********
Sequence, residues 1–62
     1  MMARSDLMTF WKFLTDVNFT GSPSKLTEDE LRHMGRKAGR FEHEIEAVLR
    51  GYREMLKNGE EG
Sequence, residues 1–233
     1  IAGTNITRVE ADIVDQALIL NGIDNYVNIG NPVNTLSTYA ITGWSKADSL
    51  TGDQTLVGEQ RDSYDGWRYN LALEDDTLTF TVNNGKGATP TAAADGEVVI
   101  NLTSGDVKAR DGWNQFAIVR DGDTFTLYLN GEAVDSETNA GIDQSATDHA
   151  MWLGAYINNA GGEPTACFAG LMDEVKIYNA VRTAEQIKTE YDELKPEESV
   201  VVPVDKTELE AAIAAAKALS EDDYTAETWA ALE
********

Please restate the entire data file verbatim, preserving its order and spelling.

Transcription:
Sequence, residues 1–62
     1  MMARSDLMTF WKFLTDVNFT GSPSKLTEDE LRHMGRKAGR FEHEIEAVLR
    51  GYREMLKNGE EG
Sequence, residues 1–233
     1  IAGTNITRVE ADIVDQALIL NGIDNYVNIG NPVNTLSTYA ITGWSKADSL
    51  TGDQTLVGEQ RDSYDGWRYN LALEDDTLTF TVNNGKGATP TAAADGEVVI
   101  NLTSGDVKAR DGWNQFAIVR DGDTFTLYLN GEAVDSETNA GIDQSATDHA
   151  MWLGAYINNA GGEPTACFAG LMDEVKIYNA VRTAEQIKTE YDELKPEESV
   201  VVPVDKTELE AAIAAAKALS EDDYTAETWA ALE